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HANFORD — Students, educators, elected officials and community members gathered Monday to celebrate the groundbreaking of the new Hanford agricultural school farm and learning laboratory.

“This new facility is the future of our chapter,” said Lindsey Ryan, Hanford Future Farmers of America chapter president. “Together, we will create memories and renew Hanford FFA traditions and successes.”

John Olivas, board chairman for the Foundation for Vocational Agriculture, said the farm has been in the making for a long time, and took the effort and hard work of many people.

Combined, Hanford High School, Hanford West High School and Sierra Pacific High School have almost 940 students in agricultural programs, making it one of the largest in the nation, Olivas said. He said of all the Future Farmers of America programs in the state, Hanford was one of only two programs that didn’t have a school farm.

“Having their own facility to get better quality and hands-on learning is certainly justified,” Olivas said, adding the space will be made for all-weather instruction.

HJUHSD Superintendent Bill Fishbough said over 80 percent of Hanford FFA students live in urban areas and don’t have access to farmland for projects or to raise animals, so this was a big step to getting students to engage more in activities.

FFA students and staff, board members from HJUHSD and the Foundation for Vocational Agriculture, members of the Hanford City Council and Board of Supervisors, corporate sponsors, parents, and Assemblyman Rudy Salas and Senator Andy Vidak attended the groundbreaking.

Salas and Vidak both said it was great to see so many people come together with the goal of making the farm happen for the students.

Salas thanked the FFA students for being future leaders in the community, and presented them with a certificate on behalf of the state Assembly. Vidak also presented the board and FFA program with a certificate of recognition and said he couldn’t wait to see the completed project.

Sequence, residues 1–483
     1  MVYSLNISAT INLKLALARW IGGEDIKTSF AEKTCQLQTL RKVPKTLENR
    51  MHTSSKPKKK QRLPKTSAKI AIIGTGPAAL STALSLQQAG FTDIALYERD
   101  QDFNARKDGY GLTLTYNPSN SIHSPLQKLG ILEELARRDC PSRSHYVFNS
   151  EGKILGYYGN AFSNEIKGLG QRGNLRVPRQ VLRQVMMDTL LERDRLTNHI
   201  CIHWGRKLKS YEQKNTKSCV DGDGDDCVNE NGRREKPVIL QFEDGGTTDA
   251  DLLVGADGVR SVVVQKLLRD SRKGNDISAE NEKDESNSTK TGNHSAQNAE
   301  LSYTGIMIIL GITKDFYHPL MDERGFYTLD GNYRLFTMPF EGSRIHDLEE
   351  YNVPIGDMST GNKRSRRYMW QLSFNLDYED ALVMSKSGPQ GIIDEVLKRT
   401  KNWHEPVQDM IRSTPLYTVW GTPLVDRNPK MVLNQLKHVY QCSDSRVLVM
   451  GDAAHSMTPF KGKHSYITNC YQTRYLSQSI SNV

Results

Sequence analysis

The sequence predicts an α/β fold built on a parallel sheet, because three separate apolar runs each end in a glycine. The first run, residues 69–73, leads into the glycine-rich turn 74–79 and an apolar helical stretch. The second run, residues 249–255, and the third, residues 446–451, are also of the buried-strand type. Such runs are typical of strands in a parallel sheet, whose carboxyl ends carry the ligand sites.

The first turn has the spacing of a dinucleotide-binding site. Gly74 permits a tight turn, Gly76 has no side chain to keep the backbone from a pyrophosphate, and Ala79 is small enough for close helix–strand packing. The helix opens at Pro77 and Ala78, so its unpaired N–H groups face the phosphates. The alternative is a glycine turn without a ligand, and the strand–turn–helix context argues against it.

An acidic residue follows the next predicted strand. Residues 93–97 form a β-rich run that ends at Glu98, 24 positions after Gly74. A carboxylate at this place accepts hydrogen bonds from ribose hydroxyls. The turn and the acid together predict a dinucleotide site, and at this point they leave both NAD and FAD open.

The first phase of the project was made possible by funding from Hanford Joint Union High School District, Measure W funds, private fundraising and corporate sponsorships.

The farm will sit on a 3.9-acre site behind Sierra Pacific High School, near the intersection of Centennial Drive and Greenfield Avenue.

The farm will include an 8,621 square-foot sheep and cattle building with 18 pens, a 3,442 square-foot swine building with 11 pens, a 10,268 square-foot arena building and a 2,521 square-foot small animal building.

The sheep and cattle building will be able to hold approximately 90 sheep or goats and 36 cattle, while the swine building will be able to hold about 60 hogs.

Ryan said for most FFA students, the idea of raising an animal to show at the fair is the most exciting to them, but the lack of a farm held some students back from raising livestock.

Standing in front of the site of the new farm, Ryan said she saw an opportunity for the future of Hanford agriculture. Because the FFA chapter is unique in that it encompasses three schools, she said the members will have a chance to be more united.

“The farm will allow us to grow,” Ryan said. “It’s a place that will finally be a common home to the students of our chapter.”

Ryan said the new farm is more than just a piece of land; it’s a “monumental mark in the advancement of Hanford FFA.” She said the support, hands-on learning and new space will set the students up for successful agricultural futures.

The reporter can be reached at 583-2423 or

News Reporter

News reporter for The Sentinel

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